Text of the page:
256px-Nobilis-coverThere is an interesting thread going on at the RPG.net forum relating to PDF e-books of role-playing games. In particular, the third edition of the Nobilis RPG, which I have in 1st and 2nd editions in paper form (and reviewed for RPG.net). Jenna Moran (nee Rebecca Sean Borgstrom, Nobilis’s author) wrote, in response to someone inquiring about a PDF version:

I’d be grateful if people who are interested in PDFs took some time to explain why, how important it is, and how it plays into their interest in retail purchases. (In general, I think electronic formats are the future, and I want to get out ahead of the curve instead of behind it. But this isn’t an actual argument so much as an intuition. So if someone at the office says, "Sure, we’ll get out a PDF, but let’s wait a bit so we don’t step on book sales and injure both the retailers and ourselves," what do I say?)

In subsequent posts, a number of gamers give their points of view on PDFs versus printed books. For instance, a user going by “demoss” writes:

The PDF is the one I really want. The book is a luxury.

My shelves are full, searchability is an issue, and the PDF I can read anywhere — whereas the printed book will stay at home.

Jenna worried about the effects of PDF sales on distributors and retailers of the print book, saying that her publisher “is kind of hesitant to undermine the already suffering distributors and retailers.”

However, “Reverend Pee Kitty,” an employee of Steve Jackson Games and editor of the GURPS RPG, chimed in with a very interesting post about SJG’s experiences with its e23 PDF RPG program. He said that the original intent of e23 was to publish out-of-print and niche titles—”specifically, things that would never see mainstream FLGS [Friendly Local Game Store, gamer slang for local gaming shops] release, but might sell as niche books.”

However, as they gradually moved over time into publishing more of their “mainstream” works that way, they discovered that PDF sales were in fact not cannibalizing print sales, even when they started selling the PDF on the same day the printed version became available.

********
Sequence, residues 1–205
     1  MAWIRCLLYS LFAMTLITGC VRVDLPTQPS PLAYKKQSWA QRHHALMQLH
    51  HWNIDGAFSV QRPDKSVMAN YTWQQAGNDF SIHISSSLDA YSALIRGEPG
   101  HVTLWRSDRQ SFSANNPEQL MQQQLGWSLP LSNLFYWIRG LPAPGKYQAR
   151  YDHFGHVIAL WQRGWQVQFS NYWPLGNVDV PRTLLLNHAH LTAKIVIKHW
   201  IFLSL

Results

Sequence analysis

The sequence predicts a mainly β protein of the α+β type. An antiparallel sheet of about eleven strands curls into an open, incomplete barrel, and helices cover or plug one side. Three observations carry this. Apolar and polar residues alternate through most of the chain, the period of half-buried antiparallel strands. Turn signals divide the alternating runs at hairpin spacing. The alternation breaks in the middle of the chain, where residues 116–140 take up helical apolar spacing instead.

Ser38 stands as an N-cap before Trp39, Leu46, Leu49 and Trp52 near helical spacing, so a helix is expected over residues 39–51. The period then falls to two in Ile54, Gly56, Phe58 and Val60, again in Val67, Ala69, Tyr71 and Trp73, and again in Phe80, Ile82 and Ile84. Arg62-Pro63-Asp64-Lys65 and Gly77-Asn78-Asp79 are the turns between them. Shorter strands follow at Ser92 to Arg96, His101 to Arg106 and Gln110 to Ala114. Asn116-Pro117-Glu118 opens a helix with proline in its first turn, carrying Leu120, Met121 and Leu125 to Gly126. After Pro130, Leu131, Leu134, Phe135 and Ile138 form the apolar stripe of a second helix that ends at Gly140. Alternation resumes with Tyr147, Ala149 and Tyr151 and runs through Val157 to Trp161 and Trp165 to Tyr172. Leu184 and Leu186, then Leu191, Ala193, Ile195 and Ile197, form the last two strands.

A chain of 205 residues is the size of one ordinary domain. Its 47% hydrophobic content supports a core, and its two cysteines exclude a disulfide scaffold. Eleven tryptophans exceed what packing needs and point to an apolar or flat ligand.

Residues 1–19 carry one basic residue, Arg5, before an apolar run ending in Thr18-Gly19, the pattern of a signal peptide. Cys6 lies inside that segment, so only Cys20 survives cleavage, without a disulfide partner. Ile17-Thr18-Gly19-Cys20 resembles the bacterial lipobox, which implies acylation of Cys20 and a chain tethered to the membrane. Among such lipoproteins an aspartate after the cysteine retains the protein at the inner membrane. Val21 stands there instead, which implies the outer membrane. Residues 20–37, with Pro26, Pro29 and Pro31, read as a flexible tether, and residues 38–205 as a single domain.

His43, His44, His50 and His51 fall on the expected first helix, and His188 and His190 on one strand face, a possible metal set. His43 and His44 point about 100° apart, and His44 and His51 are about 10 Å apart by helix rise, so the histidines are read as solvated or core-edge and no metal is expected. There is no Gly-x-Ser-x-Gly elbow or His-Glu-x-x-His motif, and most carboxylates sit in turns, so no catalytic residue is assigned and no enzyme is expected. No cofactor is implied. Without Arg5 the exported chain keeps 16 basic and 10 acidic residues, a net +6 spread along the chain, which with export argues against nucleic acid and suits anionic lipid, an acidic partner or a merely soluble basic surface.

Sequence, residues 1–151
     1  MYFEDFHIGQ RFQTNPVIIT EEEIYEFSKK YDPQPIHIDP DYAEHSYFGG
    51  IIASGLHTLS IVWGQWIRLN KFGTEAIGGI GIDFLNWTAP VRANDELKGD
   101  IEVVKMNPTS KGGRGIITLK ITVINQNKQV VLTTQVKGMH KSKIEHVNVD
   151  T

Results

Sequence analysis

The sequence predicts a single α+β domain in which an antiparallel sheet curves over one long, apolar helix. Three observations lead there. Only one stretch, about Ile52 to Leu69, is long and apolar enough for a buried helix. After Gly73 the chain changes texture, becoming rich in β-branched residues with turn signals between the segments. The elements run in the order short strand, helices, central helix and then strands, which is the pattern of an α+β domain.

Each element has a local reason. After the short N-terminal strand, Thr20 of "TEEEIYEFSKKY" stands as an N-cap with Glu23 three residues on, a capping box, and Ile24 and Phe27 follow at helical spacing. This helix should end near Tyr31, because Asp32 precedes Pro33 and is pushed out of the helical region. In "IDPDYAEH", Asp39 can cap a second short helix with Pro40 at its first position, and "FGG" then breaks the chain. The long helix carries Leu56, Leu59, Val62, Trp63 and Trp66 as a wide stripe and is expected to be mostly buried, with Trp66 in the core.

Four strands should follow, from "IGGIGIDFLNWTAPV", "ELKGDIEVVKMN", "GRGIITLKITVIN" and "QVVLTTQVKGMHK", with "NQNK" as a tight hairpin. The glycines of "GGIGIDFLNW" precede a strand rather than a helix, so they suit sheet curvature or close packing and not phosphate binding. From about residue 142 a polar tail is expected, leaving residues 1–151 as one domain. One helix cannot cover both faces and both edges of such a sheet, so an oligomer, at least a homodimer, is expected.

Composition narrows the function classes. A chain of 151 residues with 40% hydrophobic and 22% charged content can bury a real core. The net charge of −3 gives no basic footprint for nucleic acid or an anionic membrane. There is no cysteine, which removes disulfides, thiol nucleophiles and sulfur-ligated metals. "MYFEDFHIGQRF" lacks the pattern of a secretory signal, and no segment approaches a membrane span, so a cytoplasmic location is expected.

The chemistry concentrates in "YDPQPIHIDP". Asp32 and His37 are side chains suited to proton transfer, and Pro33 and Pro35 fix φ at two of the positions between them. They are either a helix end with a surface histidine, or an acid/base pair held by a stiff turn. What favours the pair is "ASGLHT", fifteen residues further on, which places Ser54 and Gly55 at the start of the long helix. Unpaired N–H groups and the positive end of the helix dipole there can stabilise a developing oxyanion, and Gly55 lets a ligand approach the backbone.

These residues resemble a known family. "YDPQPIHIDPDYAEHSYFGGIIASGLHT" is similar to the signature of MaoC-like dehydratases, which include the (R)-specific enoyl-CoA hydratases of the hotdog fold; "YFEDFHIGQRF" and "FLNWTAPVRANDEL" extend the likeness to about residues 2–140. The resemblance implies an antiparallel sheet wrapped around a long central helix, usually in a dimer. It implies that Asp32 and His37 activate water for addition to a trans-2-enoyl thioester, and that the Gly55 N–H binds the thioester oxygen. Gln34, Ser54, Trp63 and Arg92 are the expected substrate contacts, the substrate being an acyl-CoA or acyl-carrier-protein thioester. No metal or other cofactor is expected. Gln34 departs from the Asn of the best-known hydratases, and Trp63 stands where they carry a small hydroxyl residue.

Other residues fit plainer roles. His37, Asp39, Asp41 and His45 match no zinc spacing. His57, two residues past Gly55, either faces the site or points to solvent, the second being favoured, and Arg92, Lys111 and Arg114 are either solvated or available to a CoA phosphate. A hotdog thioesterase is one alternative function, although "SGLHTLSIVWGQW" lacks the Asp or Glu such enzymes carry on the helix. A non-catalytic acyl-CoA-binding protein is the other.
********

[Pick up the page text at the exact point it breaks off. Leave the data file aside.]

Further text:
So a while ago we tried something even more extreme: Selling the PDF as soon as the book goes to print (generally about 2-3 months before the book is in stores). So far, remarkably, this doesn’t seem to have hurt anything, either. There seems to be a very strong line between the Internet-ordering customers who want the convenience of a PDF, and the FLGS-frequenting ones who want a hardcover book. In short, the people who want a physical book really want a physical book, and the existence of a slightly-cheaper, slightly-easier to acquire PDF doesn’t change that.

In a subsequent post, Jenna asks for information on what price a PDF should be, and how one can have it made if the gaming publisher lacks expertise in it. “Does anyone have data that $20 PDFs sell at the same rate, or less than half the rate, of $10 PDFs?” she wonders.

In response, another RPG industry professional, Adam Jury, linked to a blog post detailing what happened when his publisher Posthuman Studios decided to sell the PDF of its game Eclipse Phase at only $10-$15 instead of the more standard $30. Its distributor, Catalyst Game Labs, bucked at this idea.

They argued against it, and basically said “You’ll need to sell twice as many copies in order to make the same amount of money.” We said “Okay. If we don’t sell twice as many copies of the PDF as (ASpecificCatalystCoreBook) did in PDF in 18 months, you can take the difference in dollars out of our royalties.”